Egypt-9B-042 - Temple of Amada
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The Temple of Amada, the oldest of the temples, going back to the 18th dynasty with restoration work from the 19th dynasty. Tuthmosis III, Amenhotep II, and Tuthmosis IV were all involved with its construction, and Seti I restored sections of it.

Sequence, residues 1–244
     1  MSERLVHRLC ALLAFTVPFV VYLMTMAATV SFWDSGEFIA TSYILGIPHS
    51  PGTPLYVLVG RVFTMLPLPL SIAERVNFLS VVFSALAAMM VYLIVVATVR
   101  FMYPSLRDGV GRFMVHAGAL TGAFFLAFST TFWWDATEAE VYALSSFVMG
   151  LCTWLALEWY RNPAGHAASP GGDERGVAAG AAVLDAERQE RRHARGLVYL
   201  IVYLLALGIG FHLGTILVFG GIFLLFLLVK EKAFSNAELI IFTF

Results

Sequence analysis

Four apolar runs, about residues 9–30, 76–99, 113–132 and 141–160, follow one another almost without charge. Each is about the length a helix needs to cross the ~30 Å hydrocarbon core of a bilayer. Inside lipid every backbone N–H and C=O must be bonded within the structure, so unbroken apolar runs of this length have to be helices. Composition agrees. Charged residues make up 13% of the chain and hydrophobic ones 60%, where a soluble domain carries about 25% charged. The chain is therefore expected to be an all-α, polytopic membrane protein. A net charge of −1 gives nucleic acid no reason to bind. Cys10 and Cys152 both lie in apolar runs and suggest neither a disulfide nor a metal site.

The fine preservation of the temple is due to Christians plastering over the reliefs. The temple, dedicated to Amun-Re and Re-Harakhte, contains an inscription relating to the crushing of a Libyan-backed rebellion by King Merneptah (1212-1202 BC). At the back of the temple inscriptions tell about the famous wars in Syria of Amenhotep II’s and how he bought back the bodies of rebel chieftains to hang on the walls of Thebes. One body was hung from the prow of his ship sailing through Nubia as a warning. This temple was moved about two kilometers (one mile) from its original site.